I thoroughly enjoyed the two weeks I spent in Santa Marta, El Salvador, just a beautiful rural area where it gets dark at 5 p.m. and the stories of the civil war are rich. I stayed with an abuela and her daughter and granddaughter, none of whom spoke English, and by the end of it was able to converse with family about how most of the abuela’s family was killed trying to flee during the civil war, including her husband. Although I was only 14 or 15 when I went, this experience still stands out as one of the richest I’ve had traveling.Leah7

Living in Malaysia has been one of the most enriching experiences I’ve had but also one of the most challenging. I have not run into many race related issues being an African-American female, but race tension throughout the country is very prevalent making for some hostile and unpleasant interactions. The gender differences can also be very taxing. Malaysia is a country where a majority of the Muslim women wear head coverings (here they’re called tudongs), and clothing that covers everything from the neck down, but there’s still a sizeable percentage of the population that is Chinese or Indian and don’t adhere to these clothing restrictions. Leah2This makes being a foreigner engaged in the teaching culture very difficult, but then exercising your freedom of personal expression through dress outside of school is also difficult because no matter what you wearing you will almost always feel objectified. There have been times when my housemate and I have been walking back from the gym wearing a long skirt and a long sleeve shirt and still have still had to hastily walk to our home due to people following us on motorbikes or cars. I feel very safe here, but there are some things I’m extra alert about just because of how I know I’m perceived as a foreign female.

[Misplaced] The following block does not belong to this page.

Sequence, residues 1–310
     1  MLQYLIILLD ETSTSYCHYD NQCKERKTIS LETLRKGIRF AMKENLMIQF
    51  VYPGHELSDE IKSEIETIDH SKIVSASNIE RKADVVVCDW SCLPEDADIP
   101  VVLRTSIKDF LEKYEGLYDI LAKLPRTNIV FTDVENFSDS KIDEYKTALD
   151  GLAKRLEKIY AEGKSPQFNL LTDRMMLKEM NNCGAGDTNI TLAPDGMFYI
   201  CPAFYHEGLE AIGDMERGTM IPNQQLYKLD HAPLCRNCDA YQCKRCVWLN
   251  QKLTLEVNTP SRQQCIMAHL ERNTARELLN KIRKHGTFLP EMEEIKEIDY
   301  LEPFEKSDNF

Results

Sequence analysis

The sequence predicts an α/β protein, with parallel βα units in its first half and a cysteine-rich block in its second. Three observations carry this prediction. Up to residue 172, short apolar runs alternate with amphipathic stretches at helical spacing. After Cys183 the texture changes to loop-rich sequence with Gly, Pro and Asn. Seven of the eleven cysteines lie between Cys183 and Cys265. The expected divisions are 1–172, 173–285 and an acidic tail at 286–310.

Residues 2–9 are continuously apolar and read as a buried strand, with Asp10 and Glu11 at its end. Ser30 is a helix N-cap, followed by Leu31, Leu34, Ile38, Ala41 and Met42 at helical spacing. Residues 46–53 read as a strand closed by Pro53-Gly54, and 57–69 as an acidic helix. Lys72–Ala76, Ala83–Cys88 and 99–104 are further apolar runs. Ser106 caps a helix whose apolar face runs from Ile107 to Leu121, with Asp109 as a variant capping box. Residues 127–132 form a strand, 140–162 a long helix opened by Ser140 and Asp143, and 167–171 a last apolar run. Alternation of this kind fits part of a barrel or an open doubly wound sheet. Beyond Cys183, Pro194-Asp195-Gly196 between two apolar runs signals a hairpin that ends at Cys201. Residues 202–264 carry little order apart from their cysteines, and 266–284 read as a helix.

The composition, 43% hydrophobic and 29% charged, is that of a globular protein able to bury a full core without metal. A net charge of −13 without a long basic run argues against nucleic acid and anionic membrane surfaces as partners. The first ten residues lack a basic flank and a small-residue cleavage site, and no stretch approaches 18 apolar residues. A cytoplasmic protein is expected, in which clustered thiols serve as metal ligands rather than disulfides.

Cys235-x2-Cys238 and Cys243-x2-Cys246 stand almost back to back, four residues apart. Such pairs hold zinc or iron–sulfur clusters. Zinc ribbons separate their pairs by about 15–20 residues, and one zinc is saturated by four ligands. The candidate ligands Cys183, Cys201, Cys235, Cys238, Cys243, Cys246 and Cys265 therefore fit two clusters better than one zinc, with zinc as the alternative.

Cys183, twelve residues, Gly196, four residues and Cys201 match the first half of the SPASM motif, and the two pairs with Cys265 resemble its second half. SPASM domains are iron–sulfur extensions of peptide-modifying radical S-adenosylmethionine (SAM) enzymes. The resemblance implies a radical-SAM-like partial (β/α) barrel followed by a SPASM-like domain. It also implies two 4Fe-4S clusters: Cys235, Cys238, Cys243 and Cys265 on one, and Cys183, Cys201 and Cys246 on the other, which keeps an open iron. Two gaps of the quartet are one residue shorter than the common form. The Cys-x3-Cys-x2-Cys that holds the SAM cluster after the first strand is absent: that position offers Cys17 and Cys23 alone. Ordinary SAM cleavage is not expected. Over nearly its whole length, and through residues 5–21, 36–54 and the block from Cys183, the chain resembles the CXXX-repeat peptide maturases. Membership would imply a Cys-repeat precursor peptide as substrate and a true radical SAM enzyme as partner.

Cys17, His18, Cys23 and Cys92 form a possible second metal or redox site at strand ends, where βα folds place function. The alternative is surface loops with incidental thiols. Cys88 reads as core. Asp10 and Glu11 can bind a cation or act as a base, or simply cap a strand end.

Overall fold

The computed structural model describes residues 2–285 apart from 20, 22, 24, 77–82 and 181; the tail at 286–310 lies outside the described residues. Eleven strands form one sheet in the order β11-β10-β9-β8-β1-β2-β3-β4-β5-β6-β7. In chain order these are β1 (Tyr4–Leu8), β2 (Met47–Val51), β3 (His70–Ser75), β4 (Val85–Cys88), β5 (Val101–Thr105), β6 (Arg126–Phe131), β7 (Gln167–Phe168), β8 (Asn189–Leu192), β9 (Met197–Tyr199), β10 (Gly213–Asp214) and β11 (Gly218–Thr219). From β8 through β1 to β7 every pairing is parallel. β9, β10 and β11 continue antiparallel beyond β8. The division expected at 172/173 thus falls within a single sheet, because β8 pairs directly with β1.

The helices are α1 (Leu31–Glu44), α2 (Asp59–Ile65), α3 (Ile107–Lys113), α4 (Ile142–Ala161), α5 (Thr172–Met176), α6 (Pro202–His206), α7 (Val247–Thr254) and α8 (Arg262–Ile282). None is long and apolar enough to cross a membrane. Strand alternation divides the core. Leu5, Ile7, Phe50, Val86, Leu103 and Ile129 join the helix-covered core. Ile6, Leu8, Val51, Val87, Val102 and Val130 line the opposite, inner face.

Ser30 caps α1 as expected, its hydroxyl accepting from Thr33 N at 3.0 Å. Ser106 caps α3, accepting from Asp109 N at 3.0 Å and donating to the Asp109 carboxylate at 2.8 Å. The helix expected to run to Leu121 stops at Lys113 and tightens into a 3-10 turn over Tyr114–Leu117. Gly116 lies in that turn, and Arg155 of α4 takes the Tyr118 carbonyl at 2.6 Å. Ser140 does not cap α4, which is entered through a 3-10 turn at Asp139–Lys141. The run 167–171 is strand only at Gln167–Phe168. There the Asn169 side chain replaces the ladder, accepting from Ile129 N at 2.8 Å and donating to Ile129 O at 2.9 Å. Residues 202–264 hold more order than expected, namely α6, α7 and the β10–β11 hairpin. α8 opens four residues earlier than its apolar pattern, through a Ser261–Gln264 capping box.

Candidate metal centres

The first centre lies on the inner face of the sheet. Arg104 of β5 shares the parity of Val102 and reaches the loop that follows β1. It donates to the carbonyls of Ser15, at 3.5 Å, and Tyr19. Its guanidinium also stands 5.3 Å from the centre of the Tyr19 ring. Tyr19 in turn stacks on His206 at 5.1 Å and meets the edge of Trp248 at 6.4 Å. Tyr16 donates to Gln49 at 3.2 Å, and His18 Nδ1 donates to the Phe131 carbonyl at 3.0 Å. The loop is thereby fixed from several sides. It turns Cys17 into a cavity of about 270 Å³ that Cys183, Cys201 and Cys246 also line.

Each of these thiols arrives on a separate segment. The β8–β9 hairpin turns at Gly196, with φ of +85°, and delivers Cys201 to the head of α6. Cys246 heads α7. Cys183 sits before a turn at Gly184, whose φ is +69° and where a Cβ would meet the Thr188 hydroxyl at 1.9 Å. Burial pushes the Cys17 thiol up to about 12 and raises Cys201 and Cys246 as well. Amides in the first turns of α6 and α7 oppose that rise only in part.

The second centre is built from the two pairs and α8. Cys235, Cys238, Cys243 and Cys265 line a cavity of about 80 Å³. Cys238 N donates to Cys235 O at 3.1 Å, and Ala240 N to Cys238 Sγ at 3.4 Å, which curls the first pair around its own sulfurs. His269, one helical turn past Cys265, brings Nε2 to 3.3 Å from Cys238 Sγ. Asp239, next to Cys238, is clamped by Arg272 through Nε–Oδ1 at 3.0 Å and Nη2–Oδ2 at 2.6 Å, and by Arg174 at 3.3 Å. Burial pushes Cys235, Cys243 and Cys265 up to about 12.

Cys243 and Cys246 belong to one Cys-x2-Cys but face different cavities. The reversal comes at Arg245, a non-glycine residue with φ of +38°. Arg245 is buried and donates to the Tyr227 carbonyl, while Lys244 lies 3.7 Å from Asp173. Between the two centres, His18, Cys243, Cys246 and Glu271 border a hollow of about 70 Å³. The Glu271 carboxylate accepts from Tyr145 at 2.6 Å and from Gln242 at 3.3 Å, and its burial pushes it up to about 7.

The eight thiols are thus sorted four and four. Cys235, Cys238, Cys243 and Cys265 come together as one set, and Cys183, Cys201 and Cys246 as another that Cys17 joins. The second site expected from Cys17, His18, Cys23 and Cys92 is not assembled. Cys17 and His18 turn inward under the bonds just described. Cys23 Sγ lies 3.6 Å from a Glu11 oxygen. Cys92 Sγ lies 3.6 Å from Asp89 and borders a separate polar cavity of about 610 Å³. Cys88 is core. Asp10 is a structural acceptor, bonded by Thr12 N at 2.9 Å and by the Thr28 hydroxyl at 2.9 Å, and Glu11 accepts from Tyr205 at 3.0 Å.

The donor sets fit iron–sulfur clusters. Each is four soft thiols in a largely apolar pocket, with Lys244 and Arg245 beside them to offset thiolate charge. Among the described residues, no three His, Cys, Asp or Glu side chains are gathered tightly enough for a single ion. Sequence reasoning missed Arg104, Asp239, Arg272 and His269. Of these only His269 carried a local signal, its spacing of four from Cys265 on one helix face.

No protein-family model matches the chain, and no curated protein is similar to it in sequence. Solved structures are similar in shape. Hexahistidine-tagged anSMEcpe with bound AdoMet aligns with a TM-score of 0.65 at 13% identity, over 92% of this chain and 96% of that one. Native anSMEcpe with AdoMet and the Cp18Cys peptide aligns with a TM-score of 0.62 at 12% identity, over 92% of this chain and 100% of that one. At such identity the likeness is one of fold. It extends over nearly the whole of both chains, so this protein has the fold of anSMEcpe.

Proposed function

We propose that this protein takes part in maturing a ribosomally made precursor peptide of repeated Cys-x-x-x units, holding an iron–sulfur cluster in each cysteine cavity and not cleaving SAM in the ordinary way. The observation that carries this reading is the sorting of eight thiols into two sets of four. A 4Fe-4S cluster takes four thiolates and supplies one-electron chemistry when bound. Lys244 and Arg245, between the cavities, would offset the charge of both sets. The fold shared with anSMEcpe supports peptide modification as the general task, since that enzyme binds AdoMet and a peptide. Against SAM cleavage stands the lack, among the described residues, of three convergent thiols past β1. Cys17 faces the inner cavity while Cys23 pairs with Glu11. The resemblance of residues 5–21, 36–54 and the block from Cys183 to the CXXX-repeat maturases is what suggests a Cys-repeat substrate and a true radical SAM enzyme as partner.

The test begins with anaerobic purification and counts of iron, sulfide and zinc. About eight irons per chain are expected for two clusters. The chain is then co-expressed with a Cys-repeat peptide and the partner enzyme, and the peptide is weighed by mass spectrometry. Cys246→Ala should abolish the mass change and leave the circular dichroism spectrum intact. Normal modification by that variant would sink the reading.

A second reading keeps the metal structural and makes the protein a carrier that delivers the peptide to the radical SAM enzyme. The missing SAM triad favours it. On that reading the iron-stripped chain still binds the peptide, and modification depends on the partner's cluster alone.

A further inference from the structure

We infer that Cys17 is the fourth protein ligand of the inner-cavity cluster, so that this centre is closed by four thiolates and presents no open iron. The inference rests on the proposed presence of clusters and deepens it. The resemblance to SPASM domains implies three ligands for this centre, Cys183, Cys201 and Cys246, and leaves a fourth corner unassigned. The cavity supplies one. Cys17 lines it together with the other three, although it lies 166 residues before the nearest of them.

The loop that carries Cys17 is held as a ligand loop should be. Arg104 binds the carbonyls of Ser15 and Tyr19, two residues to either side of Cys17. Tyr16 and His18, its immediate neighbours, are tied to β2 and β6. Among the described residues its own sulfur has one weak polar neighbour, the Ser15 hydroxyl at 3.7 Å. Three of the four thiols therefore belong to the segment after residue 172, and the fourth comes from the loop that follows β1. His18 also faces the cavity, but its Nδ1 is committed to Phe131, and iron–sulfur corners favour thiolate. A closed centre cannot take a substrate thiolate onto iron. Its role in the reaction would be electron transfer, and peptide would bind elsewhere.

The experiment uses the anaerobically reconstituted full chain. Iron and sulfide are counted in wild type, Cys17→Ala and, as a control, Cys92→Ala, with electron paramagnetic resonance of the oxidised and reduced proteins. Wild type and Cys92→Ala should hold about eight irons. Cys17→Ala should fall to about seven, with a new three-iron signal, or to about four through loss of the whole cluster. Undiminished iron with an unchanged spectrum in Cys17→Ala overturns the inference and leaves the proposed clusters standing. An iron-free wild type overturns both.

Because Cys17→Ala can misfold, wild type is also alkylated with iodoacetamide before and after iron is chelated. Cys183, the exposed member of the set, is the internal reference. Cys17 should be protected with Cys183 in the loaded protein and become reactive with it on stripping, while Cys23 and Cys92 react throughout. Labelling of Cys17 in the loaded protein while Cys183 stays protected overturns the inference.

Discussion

How did you hear about these opportunities?

My high school presented me with a lot of international service trips so I went to Honduras and South Africa with members from my high school. I always knew about studying abroad but I had to seek it out in college. Because a lot of students from the University of Miami are from other countries I didn’t feel like information was readily available, but once I found the office I never left. My best friend Kelly actually told me about Fulbright. I remember sitting in my sister’s apartment the summer before senior year of college and freaking out because I knew I wanted to live abroad after college but just didn’t know how I financially could. Kelly mentioned that Fulbright was a fully funded government program and that I could virtually go anywhere in the world. I’d heard of Fulbright Grants but was not aware that there was an English teaching fellowship as well. That day I contacted Kefryn Reese, the adviser at the University of Miami, and she helped me tremendously to make my dreams become a reality.